CR113 Broker mismanaging insured’s investment
Broker mismanaging insured’s investment – advice given by independent broker-several policies taken out and subsequently surrendered- recouping of loss occasioned thereby
Late in 1996 the complainant, acting on the advice of her independent broker, made an offshore investment in the amount of R245 000 with insurer A. In August 2000 she discovered that the invested capital had reduced to R100 000 which amount was then withdrawn and invested in the money market of insurer B. The complainant entrusted the management of this fund to her broker who advised her to draw a relatively large monthly income of R5000 from this source. He also advised her to take out a policy with insurer C and soon afterwards to surrender it. This process was repeated on six more occasions. No policy lasted more than 2 years. She discovered on 30 July 2003 that there was an amount of only R20 600 left in her money market with insurer B. The complainant alleged that she had no knowledge of the investment in the policies nor of the surrender thereof. She requested our assistance in reclaiming her lost capital.
We advised the complainant that we had no jurisdiction over independent brokers but that we would nevertheless enquire from insurer C the circumstances surrounding the issuing and surrendering of seven policies within a period of six years. We approached insurer C and enquired whether it was satisfied that the applications for new policies and the surrender of existing policies had been done correctly by the completion of the required documentation. Furthermore we enquired whether insurer C had complied with all the requirements of the LOA’s Code on Replacement (of 1 October 1998) and particular to section 3.1, which at that stage read as follows:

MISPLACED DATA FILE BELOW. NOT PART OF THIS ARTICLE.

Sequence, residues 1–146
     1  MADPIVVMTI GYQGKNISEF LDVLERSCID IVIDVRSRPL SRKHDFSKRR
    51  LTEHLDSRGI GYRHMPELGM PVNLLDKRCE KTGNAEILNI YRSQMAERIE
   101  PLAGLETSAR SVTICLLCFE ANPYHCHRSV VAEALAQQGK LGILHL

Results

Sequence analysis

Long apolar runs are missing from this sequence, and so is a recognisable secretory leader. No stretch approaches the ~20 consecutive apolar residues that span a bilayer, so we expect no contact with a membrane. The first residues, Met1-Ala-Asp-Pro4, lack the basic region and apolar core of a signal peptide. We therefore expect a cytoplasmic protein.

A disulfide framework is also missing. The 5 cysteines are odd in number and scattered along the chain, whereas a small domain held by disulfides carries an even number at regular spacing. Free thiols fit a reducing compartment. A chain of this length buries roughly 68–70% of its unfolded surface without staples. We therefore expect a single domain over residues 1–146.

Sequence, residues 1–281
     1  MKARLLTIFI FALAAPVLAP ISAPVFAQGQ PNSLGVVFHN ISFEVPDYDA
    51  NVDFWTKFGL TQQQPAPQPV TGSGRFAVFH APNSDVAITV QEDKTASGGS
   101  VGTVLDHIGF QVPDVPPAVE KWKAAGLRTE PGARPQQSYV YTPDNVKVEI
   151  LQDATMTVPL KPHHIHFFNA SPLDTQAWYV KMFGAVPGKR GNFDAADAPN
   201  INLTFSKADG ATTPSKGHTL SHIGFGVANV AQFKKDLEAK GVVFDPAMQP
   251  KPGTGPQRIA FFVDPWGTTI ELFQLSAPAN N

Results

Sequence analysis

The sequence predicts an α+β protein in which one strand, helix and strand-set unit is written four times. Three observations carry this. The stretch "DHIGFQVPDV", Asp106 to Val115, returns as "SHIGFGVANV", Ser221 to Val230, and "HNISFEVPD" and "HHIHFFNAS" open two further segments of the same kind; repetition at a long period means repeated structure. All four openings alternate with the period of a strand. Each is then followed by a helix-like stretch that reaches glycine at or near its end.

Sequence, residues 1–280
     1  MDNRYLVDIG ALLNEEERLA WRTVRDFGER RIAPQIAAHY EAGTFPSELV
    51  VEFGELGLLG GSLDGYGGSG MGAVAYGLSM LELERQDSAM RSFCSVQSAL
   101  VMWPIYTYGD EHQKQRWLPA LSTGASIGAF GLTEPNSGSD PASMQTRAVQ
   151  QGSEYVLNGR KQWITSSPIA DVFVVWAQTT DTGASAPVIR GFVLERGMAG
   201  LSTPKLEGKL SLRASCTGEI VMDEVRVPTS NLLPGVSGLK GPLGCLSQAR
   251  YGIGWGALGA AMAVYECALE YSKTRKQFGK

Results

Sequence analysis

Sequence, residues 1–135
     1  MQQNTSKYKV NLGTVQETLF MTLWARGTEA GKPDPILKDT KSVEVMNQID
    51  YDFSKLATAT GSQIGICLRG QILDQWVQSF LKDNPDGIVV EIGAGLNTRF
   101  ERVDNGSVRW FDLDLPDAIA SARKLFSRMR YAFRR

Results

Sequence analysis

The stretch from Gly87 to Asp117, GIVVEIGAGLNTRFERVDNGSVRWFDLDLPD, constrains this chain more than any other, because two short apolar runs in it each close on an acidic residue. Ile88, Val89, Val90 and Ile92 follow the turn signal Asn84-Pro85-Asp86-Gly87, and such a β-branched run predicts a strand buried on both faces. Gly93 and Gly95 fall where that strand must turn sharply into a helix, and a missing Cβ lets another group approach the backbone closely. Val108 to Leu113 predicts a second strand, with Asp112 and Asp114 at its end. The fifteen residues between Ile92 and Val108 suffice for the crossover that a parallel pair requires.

“The basic rule is that when a proposal is sought or received in respect of new assurance, it is the duty of the intermediary, and the insurer, to establish whether such a policy is a replacement, and if so to ensure that the client is properly counselled on the consequences of a replacement and is enabled to take the decision to replace on a fully informed basis.”
Insurer C investigated the matter and responded that the independent broker had confirmed that the complainant had full knowledge of the investments in the policies and the cancellations thereof. The broker had produced copies of mandates signed by the complainant and insurer C further advised that it had complied with the requirement of the Code of Replacement of 1 October 1998 in so far as it relied on the consultant to furnish the necessary applications. This was done electronically but the system made no provision for an indication whether the new contracts were replacing existing contracts. The Replacement Code had therefore not been observed.
We requested insurer C to consider, in the interest of the good name of the assurance industry and in an attempt to assist the complainant, to make an ex gratia payment to the complainant to cover some of the losses she had suffered as a result of the early surrendering and replacing of policies. Insurer C forwarded certain calculations reflecting the total amounts received from the complainant and the surrender values that had been paid. The difference amounted to R30 302.21, which included interest being paid to the complainant.
We advised the complainant of this gesture by insurer C and she accepted the payment. We expressed our appreciation to the insurer concerned.